Hot Type, Cold Beer and Bad News [autographed]

A Cleveland Reporter’s Journey Through the 1960s

Michael D. Roberts

$24.95

The 1960s were the most turbulent era in Cleveland history—and an exciting time to be a newspaper reporter. This memoir takes you back to the tumult with an eyewitness account by a veteran journalist who, as a young hotshot reporter, covered the major events of the day: civil rights violence, corruption and crime, Vietnam, Kent State, and more.

Hardcover / 255 pages / 5.7 x 8.8 in. / ISBN 9781598511024

Description

The 1960s were the most turbulent era in Cleveland history—and an exciting time to be a newspaper reporter. This memoir takes you back to the tumult. It’s an eyewitness account by a veteran journalist who, as an ambitious young reporter, covered the major events of the day: civil rights violence, corruption and crime, Vietnam, Kent State, and more.

Cleveland was already changing by the beginning of the 1960s. Racial unrest, migration to the suburbs and the decline of its once-mighty industrial base reshaped the city’s politics and population. Cleveland found itself at the forefront of social upheaval that would sweep the nation and alter America.

In those days, a journalist could find a story that reflected the times down the street or around the world. Reporting for the Plain Dealer, Michael D. Roberts covered a decade of destruction, death and dissension—from the riots on Cleveland’s East Side to the Tet Offensive in Vietnam, the aftermath of the Six-Day War in the Middle East and the tragedy of the Kent State shootings.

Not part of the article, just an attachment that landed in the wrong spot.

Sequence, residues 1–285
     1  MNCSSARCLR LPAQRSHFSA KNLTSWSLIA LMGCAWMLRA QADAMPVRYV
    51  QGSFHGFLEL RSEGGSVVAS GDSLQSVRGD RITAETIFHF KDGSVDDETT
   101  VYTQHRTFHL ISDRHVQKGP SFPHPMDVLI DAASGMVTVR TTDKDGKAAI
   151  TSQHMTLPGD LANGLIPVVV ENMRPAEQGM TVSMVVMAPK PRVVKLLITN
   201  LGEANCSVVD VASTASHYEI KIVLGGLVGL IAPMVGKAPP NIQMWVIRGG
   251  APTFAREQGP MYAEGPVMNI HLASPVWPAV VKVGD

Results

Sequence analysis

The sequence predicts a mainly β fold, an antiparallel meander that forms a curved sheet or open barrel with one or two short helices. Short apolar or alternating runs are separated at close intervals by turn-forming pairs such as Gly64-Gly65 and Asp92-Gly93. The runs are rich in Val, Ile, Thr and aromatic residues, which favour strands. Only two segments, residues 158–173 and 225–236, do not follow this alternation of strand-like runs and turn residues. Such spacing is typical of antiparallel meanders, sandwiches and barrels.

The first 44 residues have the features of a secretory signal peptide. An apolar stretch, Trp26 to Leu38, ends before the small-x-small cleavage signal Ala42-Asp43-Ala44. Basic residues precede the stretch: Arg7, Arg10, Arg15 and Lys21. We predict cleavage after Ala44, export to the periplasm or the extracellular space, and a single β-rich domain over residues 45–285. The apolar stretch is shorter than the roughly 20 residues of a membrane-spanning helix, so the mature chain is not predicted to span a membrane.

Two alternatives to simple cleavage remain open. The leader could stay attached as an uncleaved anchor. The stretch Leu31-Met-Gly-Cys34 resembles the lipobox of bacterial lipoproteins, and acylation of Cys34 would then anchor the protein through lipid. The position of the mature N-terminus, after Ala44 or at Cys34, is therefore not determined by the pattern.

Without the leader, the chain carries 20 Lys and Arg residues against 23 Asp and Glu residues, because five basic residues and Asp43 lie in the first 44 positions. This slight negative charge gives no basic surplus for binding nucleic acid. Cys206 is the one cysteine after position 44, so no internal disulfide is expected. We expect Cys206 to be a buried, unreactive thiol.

There were enlightened moments, too. For a good part of that decade the eyes of the nation were on Cleveland, watching whether it would elect the first African American mayor of a major American city. It did, in Carl B. Stokes.

It was also the last golden hour of print newspapers—although they didn’t know it yet. Technology had not yet altered the business. All a journalist needed was a pen, a notebook, a typewriter, a pay phone and a pocketful of change. Television was only just beginning to make a serious impact on news reporting.

Newspapers were a unifying force in communities, a friendly visitor that arrived on your doorstop every day. But by decade’s end, the spirit of revolt would come to haunt the newspaper and pluck both the verve and the soul from it.

For a reporter in search of a big story, though, bad times were also the best of times. This is the way it was.

Additional information

Weight 1 lbs
Dimensions 8.75 × 6.625 × 1 in

Table of Contents

Prologue

Making the Team

A Beer and a Byline

Plain Dealing

The Cop House

A Bad Address and a Bit of Luck

The Great Leap

Death Does the Holidays

Changing of the Guard

Bergen, Booze and Birns

The Federal Rap

The Forged Rembrandt

That Other Side of Town

The Really Big Story

The Sheppard Case, Part 2

A Summer with Art Modell

A Bad Day at the Café

The Nigerian Ambassador

The Day the Paper Cured Cancer

Carl Stokes and the Changing City

Glenville

The Ace Race

Charger Charley

We Need You to Look In On the War

You Would Be a Fool to Go

Dateline: Saigon

The Odds and Ends of War Reporting

Lambacher

Cleveland’s Unhappy Warriors

Kim and Kimchi

Back in Time

Never-Ending War

The Unholy Land

Baghdad

On to the Pyramids

The Israelis

Home

The Nation’s Capital

Crazy Horse

Of All Places, Kent State

Going to the Dark Side

The Sad Conclusion

A Whole New Gig

Epilogue

Acknowledgments

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